What’s so special about South-East Asia? Apart from smiley faces and low prices (sometimes ridiculously low prices), it’s food! We’ve been to few countries there and would like to show you what the food looks like. Every country has its own unique dishes and flavors Come with us for a culinary journey around South-East Asia – in pictures!
We cycled the full length of Vietnam and while we did, we stuffed our tummies with all kinds of goodness found on the street stalls and small family-owned restaurants.
Vietnamese soups have different tastes on every street of Vietnam, but two things in common – they are all fresh and healthy. They are served pretty much everywhere, so you can’t go far being hungry. Vietnamese soups are also so cheap that by eating them few times a day you will struggle to go over $10 a day budget. Cost of one is between 1 and 1.5 dollars.
Not far from the Old Quarter in Hanoi we found this little place. Tourists were not eating there, even when sporadically a foreigner walked by, they did not look this way. It’s a shame, because in this lovely place (sorry, I don’t remember the name now) we had an all-you-can-eat buffet with some amazing things in it. It was the first time I ate some bugs. They were served the same way french fries are served in Europe. All this for 30,000 VND ($1.5) per person.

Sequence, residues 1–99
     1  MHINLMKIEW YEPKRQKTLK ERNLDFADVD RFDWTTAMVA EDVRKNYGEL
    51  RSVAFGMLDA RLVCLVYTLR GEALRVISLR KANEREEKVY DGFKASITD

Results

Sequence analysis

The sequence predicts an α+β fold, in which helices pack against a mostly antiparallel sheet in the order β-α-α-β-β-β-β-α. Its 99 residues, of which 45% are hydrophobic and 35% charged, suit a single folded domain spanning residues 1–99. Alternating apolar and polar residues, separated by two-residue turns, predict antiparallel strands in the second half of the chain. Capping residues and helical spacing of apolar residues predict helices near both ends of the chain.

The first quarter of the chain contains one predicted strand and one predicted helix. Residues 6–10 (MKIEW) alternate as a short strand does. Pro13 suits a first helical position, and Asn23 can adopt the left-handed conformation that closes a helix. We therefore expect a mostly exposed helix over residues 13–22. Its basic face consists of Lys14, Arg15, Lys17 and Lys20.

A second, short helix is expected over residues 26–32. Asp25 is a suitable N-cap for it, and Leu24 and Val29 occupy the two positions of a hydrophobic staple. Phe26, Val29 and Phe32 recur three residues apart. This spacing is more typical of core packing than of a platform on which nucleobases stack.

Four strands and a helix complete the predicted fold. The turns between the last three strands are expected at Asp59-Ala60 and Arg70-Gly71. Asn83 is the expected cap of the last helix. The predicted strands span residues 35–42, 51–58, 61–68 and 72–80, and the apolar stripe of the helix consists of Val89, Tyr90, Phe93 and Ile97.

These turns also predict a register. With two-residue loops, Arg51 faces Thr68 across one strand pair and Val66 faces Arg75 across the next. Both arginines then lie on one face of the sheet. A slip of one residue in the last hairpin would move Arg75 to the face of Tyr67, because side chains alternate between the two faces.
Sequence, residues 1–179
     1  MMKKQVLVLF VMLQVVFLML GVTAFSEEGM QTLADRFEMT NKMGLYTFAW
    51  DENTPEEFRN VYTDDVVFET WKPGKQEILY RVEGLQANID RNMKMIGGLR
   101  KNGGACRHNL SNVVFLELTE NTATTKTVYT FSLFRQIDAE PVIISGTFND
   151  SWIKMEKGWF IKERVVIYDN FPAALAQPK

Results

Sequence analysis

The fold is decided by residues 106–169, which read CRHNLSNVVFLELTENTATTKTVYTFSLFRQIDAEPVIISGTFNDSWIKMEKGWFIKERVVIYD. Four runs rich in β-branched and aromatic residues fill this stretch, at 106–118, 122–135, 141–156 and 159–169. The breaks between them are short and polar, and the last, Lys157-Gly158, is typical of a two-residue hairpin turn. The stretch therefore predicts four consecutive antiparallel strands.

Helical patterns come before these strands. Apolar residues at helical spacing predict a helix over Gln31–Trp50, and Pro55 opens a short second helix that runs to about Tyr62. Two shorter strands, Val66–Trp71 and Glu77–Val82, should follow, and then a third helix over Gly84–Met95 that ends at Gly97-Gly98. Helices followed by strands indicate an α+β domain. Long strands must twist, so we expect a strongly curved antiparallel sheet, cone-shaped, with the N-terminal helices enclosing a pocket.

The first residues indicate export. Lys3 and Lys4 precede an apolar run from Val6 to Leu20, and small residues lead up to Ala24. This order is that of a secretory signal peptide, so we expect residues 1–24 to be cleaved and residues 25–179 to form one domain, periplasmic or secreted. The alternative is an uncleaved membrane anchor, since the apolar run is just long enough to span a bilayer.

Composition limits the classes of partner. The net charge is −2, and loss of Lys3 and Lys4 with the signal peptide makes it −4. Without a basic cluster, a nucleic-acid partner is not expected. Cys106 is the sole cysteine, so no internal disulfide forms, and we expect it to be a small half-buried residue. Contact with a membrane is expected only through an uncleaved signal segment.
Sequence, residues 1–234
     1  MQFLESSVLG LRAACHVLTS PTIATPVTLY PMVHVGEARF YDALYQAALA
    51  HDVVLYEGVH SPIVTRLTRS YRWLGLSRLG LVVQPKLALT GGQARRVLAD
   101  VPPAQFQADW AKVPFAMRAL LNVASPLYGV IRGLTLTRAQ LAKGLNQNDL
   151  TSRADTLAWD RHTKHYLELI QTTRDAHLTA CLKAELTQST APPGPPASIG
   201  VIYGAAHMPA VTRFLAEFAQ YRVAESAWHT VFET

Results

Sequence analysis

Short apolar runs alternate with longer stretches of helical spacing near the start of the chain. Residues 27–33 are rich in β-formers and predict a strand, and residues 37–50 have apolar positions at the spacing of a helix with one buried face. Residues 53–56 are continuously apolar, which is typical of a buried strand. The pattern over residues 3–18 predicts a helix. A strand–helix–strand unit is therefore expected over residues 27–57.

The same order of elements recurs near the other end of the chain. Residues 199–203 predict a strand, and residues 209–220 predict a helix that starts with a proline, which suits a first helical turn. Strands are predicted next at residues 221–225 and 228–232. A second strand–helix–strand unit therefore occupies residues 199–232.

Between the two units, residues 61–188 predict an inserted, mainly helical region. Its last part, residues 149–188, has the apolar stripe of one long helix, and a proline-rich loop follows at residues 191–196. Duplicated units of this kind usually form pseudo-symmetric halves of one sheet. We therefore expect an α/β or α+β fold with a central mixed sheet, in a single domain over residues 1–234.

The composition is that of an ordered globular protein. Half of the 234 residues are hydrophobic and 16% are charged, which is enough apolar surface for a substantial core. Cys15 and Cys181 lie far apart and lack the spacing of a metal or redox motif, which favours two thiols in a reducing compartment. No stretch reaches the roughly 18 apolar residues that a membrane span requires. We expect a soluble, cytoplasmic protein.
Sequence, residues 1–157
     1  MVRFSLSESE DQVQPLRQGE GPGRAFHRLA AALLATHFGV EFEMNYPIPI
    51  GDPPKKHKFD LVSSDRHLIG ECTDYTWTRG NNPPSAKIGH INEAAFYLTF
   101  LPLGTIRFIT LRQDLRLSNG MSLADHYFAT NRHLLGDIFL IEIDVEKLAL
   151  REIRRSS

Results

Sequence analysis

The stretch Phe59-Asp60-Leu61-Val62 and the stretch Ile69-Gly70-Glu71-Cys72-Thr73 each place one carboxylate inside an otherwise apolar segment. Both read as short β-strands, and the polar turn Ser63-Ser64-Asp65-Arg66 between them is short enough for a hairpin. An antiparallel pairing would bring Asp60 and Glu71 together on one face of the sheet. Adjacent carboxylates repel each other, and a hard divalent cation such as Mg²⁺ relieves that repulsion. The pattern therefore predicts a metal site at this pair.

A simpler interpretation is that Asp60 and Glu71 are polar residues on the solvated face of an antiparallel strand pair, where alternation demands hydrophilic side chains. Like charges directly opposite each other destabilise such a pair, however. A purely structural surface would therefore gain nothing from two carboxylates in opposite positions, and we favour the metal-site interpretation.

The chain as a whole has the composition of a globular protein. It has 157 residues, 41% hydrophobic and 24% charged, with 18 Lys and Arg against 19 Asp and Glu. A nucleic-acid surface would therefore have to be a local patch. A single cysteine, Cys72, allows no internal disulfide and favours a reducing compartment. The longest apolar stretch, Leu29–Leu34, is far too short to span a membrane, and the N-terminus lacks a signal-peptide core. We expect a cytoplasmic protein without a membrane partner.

In my opinion, and without a doubt, Vietnamese coffee is the best in the world. It’s strong, sweet and tastes unbelievably good – especially with ice. Preparation is simple: small espresso-sized cup of Vietnamese coffee with the same amount of condensed milk, after mixing, all poured into a large glass full of ice. Such energy boost costs $1. Warning – it’s highly addictive! Agness is not a big fan of coffee at all, but once she tried Vietnamese coffee she couldn’t start her day without having one in the morning :-).
Ready to eat, hot or cold, street food is available throughout the country. We found it in busy cities and small villages. It’s like locals love to eat snacks wherever they go. Mostly fried, but that’s not a rule – fruits are also very popular. Prices range from 5,000VND to 30,000VND ($1=20,000VND).
Spring-rolls-like fried bananas are common and amazing in taste. Most common is honey banana which is usually sweeter than the bananas we got used to in the Western world. Spring rolls are also very important part of Vietnamese cuisine – variety is unbelievable.
Vietnam is long (over 2.5 thousand km) and wherever you are, you’ll never be too far from the sea. No wonder the main source of proteins comes from fish. Fish are served in all varieties and the smell of fish sauce is ever-present, everywhere.
Rice wine with snakes and scorpions is believed to give men “sexual strength” (effects similar to those of viagra). For ladies, there’s coconut wine. At least that’s what they say. Both are nicely packed and – least to say – interesting. Perfect gift on return back home.
We’ve spent 2 months in Cambodia – mostly in Siem Reap. While there, we had a chance to enjoy variety of dishes. Not always Khmer because this city is under such western influence. Nevertheless, here’s quite a few interesting and delicious foods.
I’m struggling to find a name for this dish. It’s a kind of meat and greenery wrap – Khmer style. Inside you’ll find some pork )at least I hope so) and extra salad stuffing. You should eat it with your hands by wrapping lettuce around and dipping it into the sauce provided. It’s really tasty, huge (look at the size), and extremely cheap. 3 of those cost 6,000 Riel ($1.5).